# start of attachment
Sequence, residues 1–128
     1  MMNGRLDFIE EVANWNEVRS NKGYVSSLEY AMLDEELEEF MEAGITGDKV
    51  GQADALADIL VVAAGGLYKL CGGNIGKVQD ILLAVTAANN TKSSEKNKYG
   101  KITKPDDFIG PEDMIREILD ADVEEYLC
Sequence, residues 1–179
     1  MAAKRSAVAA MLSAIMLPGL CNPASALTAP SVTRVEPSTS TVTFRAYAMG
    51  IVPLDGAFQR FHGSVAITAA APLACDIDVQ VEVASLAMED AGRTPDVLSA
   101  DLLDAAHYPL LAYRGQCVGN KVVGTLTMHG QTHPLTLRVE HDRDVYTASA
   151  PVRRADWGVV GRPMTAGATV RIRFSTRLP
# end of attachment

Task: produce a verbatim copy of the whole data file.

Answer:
Sequence, residues 1–128
     1  MMNGRLDFIE EVANWNEVRS NKGYVSSLEY AMLDEELEEF MEAGITGDKV
    51  GQADALADIL VVAAGGLYKL CGGNIGKVQD ILLAVTAANN TKSSEKNKYG
   101  KITKPDDFIG PEDMIREILD ADVEEYLC
Sequence, residues 1–179
     1  MAAKRSAVAA MLSAIMLPGL CNPASALTAP SVTRVEPSTS TVTFRAYAMG
    51  IVPLDGAFQR FHGSVAITAA APLACDIDVQ VEVASLAMED AGRTPDVLSA
   101  DLLDAAHYPL LAYRGQCVGN KVVGTLTMHG QTHPLTLRVE HDRDVYTASA
   151  PVRRADWGVV GRPMTAGATV RIRFSTRLP